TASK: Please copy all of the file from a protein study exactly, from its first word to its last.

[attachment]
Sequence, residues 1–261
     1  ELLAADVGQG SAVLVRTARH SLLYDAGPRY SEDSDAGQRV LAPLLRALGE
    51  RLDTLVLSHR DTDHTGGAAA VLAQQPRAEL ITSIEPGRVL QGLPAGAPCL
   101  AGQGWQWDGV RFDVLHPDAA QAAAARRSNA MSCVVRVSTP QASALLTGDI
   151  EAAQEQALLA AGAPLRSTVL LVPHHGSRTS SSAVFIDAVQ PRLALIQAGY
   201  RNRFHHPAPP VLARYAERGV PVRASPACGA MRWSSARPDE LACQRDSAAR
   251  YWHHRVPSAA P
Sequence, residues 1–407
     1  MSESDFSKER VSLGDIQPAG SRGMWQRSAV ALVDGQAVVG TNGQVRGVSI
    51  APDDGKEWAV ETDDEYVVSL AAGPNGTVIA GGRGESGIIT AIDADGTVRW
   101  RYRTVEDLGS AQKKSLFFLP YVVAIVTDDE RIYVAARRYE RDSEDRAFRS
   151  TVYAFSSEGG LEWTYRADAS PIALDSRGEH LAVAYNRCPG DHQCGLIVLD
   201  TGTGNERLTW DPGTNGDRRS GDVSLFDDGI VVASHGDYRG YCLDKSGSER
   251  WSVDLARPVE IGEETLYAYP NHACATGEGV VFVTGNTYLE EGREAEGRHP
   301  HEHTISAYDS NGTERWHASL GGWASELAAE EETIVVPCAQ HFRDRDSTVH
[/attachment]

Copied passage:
Sequence, residues 1–261
     1  ELLAADVGQG SAVLVRTARH SLLYDAGPRY SEDSDAGQRV LAPLLRALGE
    51  RLDTLVLSHR DTDHTGGAAA VLAQQPRAEL ITSIEPGRVL QGLPAGAPCL
   101  AGQGWQWDGV RFDVLHPDAA QAAAARRSNA MSCVVRVSTP QASALLTGDI
   151  EAAQEQALLA AGAPLRSTVL LVPHHGSRTS SSAVFIDAVQ PRLALIQAGY
   201  RNRFHHPAPP VLARYAERGV PVRASPACGA MRWSSARPDE LACQRDSAAR
   251  YWHHRVPSAA P
Sequence, residues 1–407
     1  MSESDFSKER VSLGDIQPAG SRGMWQRSAV ALVDGQAVVG TNGQVRGVSI
    51  APDDGKEWAV ETDDEYVVSL AAGPNGTVIA GGRGESGIIT AIDADGTVRW
   101  RYRTVEDLGS AQKKSLFFLP YVVAIVTDDE RIYVAARRYE RDSEDRAFRS
   151  TVYAFSSEGG LEWTYRADAS PIALDSRGEH LAVAYNRCPG DHQCGLIVLD
   201  TGTGNERLTW DPGTNGDRRS GDVSLFDDGI VVASHGDYRG YCLDKSGSER
   251  WSVDLARPVE IGEETLYAYP NHACATGEGV VFVTGNTYLE EGREAEGRHP
   301  HEHTISAYDS NGTERWHASL GGWASELAAE EETIVVPCAQ HFRDRDSTVH